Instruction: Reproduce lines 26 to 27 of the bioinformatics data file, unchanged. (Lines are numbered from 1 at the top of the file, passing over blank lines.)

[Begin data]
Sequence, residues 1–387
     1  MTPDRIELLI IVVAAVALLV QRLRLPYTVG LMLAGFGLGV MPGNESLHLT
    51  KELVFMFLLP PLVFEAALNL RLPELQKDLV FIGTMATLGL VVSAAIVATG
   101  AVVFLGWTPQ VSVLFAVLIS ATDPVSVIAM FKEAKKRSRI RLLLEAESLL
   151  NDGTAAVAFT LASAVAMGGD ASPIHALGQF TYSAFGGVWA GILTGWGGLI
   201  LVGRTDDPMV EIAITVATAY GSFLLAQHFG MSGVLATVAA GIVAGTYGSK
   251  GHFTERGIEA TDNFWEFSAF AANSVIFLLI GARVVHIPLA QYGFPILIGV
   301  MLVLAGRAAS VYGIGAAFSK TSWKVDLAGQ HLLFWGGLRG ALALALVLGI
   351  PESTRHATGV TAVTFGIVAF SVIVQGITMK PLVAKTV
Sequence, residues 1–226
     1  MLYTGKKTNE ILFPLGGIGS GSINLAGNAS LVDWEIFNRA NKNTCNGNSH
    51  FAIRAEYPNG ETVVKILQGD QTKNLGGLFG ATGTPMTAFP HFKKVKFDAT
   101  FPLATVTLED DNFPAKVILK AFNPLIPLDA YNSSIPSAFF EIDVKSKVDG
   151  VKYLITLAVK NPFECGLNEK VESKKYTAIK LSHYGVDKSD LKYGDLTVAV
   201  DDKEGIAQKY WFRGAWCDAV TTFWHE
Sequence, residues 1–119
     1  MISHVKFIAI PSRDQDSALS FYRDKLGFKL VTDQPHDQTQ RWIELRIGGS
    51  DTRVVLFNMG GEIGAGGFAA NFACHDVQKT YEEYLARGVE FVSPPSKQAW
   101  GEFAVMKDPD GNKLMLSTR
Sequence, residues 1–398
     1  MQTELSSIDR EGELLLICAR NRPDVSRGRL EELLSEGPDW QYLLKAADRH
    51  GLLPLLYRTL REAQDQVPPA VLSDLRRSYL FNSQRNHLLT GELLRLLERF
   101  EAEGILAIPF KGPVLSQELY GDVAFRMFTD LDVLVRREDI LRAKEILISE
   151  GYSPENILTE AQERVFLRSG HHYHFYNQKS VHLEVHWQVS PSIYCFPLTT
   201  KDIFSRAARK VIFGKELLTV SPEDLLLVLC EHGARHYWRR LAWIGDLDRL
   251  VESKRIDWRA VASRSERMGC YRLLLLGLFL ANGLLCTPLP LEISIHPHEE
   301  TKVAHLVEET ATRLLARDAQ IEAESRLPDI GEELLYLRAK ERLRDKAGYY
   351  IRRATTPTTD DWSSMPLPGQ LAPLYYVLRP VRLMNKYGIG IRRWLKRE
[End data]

   251  VESKRIDWRA VASRSERMGC YRLLLLGLFL ANGLLCTPLP LEISIHPHEE
   301  TKVAHLVEET ATRLLARDAQ IEAESRLPDI GEELLYLRAK ERLRDKAGYY